(San Bernardino WEEKLY COURIER, JULY 1, 1893. The exact same news story also appeared in the DAILY COURIER, June 27, 1893)
IN SELF DEFENSE
JOHN AND SILAS GLENN KILLED [shot] ON SATURDAY
John Glenn Killed Instantly and His Brother Silas Lives Until Monday
Morning at 6 O'Clock - The Verdict of the Coroner's Jury - A Clear Case
of Self-Defense - The Prisoners Arraigned
About 10 o'clock on Saturday morning last [June 24, 1893], at the Glenn ranch on Lytle Creek, occurred one of the saddest tragedies which the people of this vicinity have been called upon to witness for many years, a deadly fight among near relatives.
For years past there has been more or less trouble in the Glenn family, and many who have known all the parties intimately have prophesied that blood would follow before the trouble was over.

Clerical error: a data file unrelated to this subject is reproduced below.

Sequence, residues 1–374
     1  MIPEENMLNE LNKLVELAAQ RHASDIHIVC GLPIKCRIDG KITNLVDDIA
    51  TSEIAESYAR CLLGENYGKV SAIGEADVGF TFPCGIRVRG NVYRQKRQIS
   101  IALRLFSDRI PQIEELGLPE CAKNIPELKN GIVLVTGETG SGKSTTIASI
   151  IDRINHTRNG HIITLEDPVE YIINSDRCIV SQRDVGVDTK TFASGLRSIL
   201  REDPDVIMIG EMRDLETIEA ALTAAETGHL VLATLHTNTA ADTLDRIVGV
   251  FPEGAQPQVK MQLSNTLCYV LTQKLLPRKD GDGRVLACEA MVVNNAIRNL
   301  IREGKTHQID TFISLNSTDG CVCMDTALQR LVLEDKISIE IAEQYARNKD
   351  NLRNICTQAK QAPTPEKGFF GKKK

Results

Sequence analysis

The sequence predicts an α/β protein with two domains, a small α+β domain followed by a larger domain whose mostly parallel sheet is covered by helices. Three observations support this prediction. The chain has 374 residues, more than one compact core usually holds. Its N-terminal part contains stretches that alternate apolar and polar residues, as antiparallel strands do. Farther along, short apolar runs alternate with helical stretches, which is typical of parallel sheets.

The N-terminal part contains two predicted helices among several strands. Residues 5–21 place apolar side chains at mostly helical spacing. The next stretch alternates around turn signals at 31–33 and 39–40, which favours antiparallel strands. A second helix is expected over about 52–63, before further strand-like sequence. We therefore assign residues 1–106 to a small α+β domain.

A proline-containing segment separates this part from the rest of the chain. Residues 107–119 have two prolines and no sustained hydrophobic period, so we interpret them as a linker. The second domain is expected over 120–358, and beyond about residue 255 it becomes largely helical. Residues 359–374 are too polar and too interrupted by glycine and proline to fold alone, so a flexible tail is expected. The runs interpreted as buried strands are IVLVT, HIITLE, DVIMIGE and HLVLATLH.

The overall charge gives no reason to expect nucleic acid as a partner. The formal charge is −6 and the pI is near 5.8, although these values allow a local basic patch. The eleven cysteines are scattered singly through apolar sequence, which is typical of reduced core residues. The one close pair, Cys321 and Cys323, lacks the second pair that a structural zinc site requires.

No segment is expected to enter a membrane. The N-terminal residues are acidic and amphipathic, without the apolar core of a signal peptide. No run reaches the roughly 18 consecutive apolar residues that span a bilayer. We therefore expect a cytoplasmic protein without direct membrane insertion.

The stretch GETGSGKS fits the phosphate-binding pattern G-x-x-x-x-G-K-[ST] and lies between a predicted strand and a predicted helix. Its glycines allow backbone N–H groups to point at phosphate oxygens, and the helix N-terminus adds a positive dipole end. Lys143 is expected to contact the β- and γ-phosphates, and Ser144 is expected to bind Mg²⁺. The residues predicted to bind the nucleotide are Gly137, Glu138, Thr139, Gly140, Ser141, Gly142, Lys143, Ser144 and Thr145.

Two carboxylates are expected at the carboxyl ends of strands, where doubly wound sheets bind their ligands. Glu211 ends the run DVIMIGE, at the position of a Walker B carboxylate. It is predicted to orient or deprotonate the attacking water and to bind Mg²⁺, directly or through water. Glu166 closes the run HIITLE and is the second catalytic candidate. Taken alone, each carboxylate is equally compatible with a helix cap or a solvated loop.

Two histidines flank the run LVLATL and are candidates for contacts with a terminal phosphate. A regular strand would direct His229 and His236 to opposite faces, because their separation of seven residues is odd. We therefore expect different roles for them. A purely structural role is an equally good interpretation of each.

For some months past John and Silas Glenn have not been living at the home, having ranches of their own where they stayed, remote from the well-known Glenn ranch. The place has been occupied by old Mrs. Glenn, mother of the boys, and Mr. James Applewhite, with his wife and son, Mrs. Applewhite being a daughter of Mrs. Glenn and a sister to John and Silas.
On Friday John and Silas Glenn went to the home place with the avowed intention of having trouble, both being armed with revolvers. The troubles in the family, which have been kept up for years, have been over their lands and have been somewhat augmented of late from the fact that John Glenn's wife lately left him and he blamed Oliver Applewhite with being the cause of the separation---a fact not proved by any one.